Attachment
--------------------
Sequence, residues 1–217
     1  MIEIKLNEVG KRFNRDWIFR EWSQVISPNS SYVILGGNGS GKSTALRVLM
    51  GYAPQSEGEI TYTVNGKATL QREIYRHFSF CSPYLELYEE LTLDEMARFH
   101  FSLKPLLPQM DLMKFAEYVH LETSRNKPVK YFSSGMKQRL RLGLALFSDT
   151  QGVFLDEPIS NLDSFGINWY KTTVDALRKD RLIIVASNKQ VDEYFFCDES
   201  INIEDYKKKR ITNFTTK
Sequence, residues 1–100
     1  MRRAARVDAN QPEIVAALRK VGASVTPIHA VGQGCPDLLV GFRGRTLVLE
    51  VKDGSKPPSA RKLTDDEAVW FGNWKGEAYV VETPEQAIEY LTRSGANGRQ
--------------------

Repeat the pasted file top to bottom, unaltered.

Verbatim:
Sequence, residues 1–217
     1  MIEIKLNEVG KRFNRDWIFR EWSQVISPNS SYVILGGNGS GKSTALRVLM
    51  GYAPQSEGEI TYTVNGKATL QREIYRHFSF CSPYLELYEE LTLDEMARFH
   101  FSLKPLLPQM DLMKFAEYVH LETSRNKPVK YFSSGMKQRL RLGLALFSDT
   151  QGVFLDEPIS NLDSFGINWY KTTVDALRKD RLIIVASNKQ VDEYFFCDES
   201  INIEDYKKKR ITNFTTK
Sequence, residues 1–100
     1  MRRAARVDAN QPEIVAALRK VGASVTPIHA VGQGCPDLLV GFRGRTLVLE
    51  VKDGSKPPSA RKLTDDEAVW FGNWKGEAYV VETPEQAIEY LTRSGANGRQ